Part of a Series
Turkey sits at a critical energy crossroads. To the northeast lies Russia and the energy-rich former Soviet republics in the Caucasus and Central Asia, while to the west lie the energy-hungry economies of Europe and the Mediterranean. Turkish leaders recognize this, and have sought to make their country a crucial component of the emerging energy infrastructure of the region. Indeed, Turkey today is fast becoming a transit and terminal hub for oil and gas. By helping Europe with its energy needs, it hopes to increase its attractiveness as an EU member. Recent tensions between Russia and the NATO alliance over the conflict in Georgia, and a desire by the United States to isolate Iran, however, complicate Turkey’s fulcrum position between East and West.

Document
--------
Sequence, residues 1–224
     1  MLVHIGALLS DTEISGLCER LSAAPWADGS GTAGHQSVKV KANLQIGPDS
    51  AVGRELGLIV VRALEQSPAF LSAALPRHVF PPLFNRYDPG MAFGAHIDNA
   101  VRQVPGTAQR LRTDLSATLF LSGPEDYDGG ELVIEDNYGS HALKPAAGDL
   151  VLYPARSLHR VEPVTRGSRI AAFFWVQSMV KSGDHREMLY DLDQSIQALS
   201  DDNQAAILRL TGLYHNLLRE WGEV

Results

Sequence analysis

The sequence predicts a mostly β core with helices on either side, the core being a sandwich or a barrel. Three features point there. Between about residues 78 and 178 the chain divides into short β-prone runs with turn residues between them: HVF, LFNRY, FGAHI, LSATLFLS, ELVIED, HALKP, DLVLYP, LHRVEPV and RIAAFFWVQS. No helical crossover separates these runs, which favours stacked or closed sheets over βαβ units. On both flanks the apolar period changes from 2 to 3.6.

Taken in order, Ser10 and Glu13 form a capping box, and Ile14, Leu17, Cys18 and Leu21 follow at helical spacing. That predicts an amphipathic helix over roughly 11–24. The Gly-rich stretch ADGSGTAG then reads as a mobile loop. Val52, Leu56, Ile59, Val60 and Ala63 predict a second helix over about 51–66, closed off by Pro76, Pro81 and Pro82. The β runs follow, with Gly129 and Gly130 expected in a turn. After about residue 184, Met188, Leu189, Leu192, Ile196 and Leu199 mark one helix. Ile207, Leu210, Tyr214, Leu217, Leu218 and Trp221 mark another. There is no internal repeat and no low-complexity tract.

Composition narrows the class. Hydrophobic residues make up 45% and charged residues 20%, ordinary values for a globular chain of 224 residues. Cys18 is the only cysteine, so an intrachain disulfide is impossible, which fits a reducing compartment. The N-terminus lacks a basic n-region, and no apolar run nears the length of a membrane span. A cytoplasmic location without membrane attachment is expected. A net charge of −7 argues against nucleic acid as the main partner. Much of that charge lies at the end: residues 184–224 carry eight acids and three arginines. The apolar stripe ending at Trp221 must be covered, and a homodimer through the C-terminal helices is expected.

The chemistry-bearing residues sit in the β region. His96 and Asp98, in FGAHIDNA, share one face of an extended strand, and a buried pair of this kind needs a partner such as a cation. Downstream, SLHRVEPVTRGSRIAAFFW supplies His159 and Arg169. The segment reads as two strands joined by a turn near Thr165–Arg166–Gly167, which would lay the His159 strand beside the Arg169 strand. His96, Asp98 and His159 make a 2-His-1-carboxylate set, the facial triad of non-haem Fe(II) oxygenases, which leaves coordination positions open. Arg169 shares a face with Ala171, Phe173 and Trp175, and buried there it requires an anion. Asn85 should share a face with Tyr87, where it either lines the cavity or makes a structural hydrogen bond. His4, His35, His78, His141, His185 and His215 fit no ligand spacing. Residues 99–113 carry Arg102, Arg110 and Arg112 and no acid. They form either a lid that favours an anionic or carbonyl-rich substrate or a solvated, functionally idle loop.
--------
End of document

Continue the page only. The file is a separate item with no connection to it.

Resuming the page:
The Obama administration should assist Turkey in regaining its momentum as a crossroads of energy in a manner that furthers U.S. interests in the region. Turkey’s location makes it a prime candidate for moving energy from the Caucasus and Central Asia while bypassing Iran and Russia, both of whom may manipulate their control of supply routes. Since Turkey is much more reliable and friendly to both Europe and the United States, the United States should encourage Turkey to continue developing itself as an energy conduit.
For more on this topic, please see:
- The Neglected Alliance: Restoring U.S.-Turkish Relations to Meet 21st-Century Challenges by Spencer P. Boyer and Brian Katulis